Do you remember your earliest memories vividly? Even if they’re few and far between, these memories can sometimes feel like a time capsule that transports us back to the times of our youth. For many of us, this feeling of reliving every single detail is incredibly vivid and clear in our minds. What’s the earliest memory you have? Let’s take a journey into remembering those moments as we explore what it takes to recall childhood memories.
A few years ago, it was my girlfriend who drove me to remember being a young child in my bedroom. It was like I was there. On top of my bed were stuffed animals that were my friends.
I’d forgotten that I had that collection of stuffed toys. My best friend was a toy puppy I named “Snuffy,” inspired, most likely, by TV’s Muppet character Mister Snuffleupagus. Mister Snuffleupagus is like a furry mammoth elephant who lives on Sesame Street, a friend to Big Bird.
I could see my bookshelves on the opposite wall. It was like being a child again. I frequently played sitting on that bed when I was a small child.
My stuffed toys sat at the head of the bed. I’d forgotten that was a habit of mine until the time with my girlfriend reminded me.
I woke up from what was like a trance believing I was waking up in that house’s bedroom. It happens once in a blue moon that I awaken from sleep wondering where I am or thinking I am somewhere else. Even if it’s my own home.
“Read an old letter, personal journal, or newspaper article. Listen to an old song that you or someone in your family loved. Cook a meal your mom or dad used to make for you.
April 1, 2021, April Fools’ Day—celebrated on April 1 each year. Smell something that may prompt your memory. 160,000,000 results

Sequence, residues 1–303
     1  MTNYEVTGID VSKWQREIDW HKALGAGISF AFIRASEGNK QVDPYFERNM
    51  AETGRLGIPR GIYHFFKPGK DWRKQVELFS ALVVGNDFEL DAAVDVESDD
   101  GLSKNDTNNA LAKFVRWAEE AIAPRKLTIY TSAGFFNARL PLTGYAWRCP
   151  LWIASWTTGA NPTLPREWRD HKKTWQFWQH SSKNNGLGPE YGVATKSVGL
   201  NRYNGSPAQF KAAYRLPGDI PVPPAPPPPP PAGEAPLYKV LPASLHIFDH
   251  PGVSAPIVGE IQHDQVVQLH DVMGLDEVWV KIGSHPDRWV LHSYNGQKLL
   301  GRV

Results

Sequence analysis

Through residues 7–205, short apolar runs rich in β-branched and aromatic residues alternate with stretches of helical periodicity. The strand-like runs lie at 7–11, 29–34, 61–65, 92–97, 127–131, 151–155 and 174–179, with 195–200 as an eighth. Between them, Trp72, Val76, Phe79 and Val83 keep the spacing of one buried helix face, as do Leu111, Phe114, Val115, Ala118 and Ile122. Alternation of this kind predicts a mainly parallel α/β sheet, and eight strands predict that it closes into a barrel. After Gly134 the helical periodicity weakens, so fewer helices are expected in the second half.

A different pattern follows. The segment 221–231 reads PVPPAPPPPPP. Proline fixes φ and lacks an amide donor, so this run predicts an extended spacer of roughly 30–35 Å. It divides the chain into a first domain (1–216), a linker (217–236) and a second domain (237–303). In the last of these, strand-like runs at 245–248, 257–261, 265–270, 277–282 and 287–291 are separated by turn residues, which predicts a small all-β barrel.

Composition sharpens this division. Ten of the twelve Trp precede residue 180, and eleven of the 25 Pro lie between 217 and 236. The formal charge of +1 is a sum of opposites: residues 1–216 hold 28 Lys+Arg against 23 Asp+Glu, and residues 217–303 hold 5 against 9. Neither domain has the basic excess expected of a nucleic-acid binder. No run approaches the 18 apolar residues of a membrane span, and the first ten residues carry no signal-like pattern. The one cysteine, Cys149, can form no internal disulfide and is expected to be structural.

When I was young, when a girlfriend and I went to the regional butterfly conservatory, I took a photo of her smiling and seeming happy while seated in the semi-tropical environment. I took it with an old-fashioned camera. The negative is likely lost, and the photo has begun to curl. I was happy to think of it, though, when I read the prompt from WordPress.
Nowadays, I have a Sony camera that I take pictures with, from the time of Windows 8. Looking through the photos app on my desktop, I remember a photo dated the afternoon of one Wednesday in September 2014. It’s a photo of the field near the building that used to be a church, and which belongs to my dad, most of it being maintained by him and a few others. I had a FinePix Z1, and it was easy to get the photo. You can see the clouds peeking through the trees are a little bright, and the sunlit grass of the field is a little bright too. By then, I’d had a couple of years’ experience of being self-employed. The riding mower in the background is how I cut the grass every week.
It meant a great deal to me, and I’m afraid some of my enthusiasm has waned. I surmise I’ve run into burnout. I do enjoy maintaining a tiny presence on Facebook for the cemetery. It’s the core of my dad’s business, and I do a lot of other social media that isn’t all geared to Maple Lawn Cemetery, which is our cemetery, or about Catholicism, or anything else like that. For example, I am participating in these January writing prompts because they are fun for me, and they are making January more fun than it would have been.
My better half nowadays is magnificent. It’s not the girl from the butterfly conservatory, but what can you do? I don’t think she characteristically wants her photo taken, but maybe I’ll ask her again.